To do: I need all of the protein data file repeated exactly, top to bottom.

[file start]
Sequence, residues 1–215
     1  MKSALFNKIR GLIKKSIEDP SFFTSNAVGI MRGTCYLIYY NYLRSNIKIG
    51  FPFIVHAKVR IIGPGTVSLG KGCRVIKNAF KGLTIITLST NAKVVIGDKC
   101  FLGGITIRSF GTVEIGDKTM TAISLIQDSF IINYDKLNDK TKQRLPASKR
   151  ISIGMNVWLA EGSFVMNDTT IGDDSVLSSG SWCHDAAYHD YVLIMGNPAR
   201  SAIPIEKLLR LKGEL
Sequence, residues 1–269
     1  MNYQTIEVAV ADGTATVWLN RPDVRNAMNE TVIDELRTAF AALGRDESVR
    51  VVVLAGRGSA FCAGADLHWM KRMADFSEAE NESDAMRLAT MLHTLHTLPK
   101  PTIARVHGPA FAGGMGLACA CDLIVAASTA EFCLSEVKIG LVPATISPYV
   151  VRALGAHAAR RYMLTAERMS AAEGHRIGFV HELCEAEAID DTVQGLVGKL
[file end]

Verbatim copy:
Sequence, residues 1–215
     1  MKSALFNKIR GLIKKSIEDP SFFTSNAVGI MRGTCYLIYY NYLRSNIKIG
    51  FPFIVHAKVR IIGPGTVSLG KGCRVIKNAF KGLTIITLST NAKVVIGDKC
   101  FLGGITIRSF GTVEIGDKTM TAISLIQDSF IINYDKLNDK TKQRLPASKR
   151  ISIGMNVWLA EGSFVMNDTT IGDDSVLSSG SWCHDAAYHD YVLIMGNPAR
   201  SAIPIEKLLR LKGEL
Sequence, residues 1–269
     1  MNYQTIEVAV ADGTATVWLN RPDVRNAMNE TVIDELRTAF AALGRDESVR
    51  VVVLAGRGSA FCAGADLHWM KRMADFSEAE NESDAMRLAT MLHTLHTLPK
   101  PTIARVHGPA FAGGMGLACA CDLIVAASTA EFCLSEVKIG LVPATISPYV
   151  VRALGAHAAR RYMLTAERMS AAEGHRIGFV HELCEAEAID DTVQGLVGKL